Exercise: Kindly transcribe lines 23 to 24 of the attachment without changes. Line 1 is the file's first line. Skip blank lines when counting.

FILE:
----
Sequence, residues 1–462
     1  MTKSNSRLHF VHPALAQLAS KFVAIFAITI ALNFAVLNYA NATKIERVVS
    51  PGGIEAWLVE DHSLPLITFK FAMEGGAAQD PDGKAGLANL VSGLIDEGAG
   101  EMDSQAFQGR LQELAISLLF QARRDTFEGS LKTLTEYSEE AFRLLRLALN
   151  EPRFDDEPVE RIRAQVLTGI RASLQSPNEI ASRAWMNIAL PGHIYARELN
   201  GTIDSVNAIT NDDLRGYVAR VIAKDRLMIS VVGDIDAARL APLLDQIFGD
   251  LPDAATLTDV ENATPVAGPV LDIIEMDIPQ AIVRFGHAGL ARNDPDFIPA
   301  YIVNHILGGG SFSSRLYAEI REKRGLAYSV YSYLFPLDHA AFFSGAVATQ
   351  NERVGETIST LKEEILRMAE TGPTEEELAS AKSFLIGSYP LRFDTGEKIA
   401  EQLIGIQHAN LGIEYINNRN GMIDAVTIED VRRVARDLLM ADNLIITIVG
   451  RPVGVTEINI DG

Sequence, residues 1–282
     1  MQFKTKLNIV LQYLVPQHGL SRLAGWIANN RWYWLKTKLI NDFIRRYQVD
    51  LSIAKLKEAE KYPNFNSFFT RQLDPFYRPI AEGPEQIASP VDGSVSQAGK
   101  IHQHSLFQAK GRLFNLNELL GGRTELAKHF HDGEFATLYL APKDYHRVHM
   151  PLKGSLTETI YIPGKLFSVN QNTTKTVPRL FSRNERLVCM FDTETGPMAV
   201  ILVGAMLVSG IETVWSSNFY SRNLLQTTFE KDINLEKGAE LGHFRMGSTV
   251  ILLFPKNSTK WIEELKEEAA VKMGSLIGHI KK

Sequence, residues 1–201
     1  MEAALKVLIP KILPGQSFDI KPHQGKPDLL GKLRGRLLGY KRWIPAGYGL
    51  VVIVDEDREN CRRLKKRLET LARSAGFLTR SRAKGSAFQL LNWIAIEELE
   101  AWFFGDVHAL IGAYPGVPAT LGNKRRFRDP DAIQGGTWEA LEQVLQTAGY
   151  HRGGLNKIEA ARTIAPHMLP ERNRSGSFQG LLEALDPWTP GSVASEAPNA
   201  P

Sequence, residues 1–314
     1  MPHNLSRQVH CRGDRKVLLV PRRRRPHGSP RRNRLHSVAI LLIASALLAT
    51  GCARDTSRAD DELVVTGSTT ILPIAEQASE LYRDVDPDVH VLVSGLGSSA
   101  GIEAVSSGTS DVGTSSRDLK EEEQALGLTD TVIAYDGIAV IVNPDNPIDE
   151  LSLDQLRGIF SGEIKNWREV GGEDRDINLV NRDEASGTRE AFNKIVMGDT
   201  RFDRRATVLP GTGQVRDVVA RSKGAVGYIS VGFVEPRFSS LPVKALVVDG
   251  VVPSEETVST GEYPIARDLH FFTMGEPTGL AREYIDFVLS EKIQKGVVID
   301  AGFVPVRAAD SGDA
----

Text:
   151  HRGGLNKIEA ARTIAPHMLP ERNRSGSFQG LLEALDPWTP GSVASEAPNA
   201  P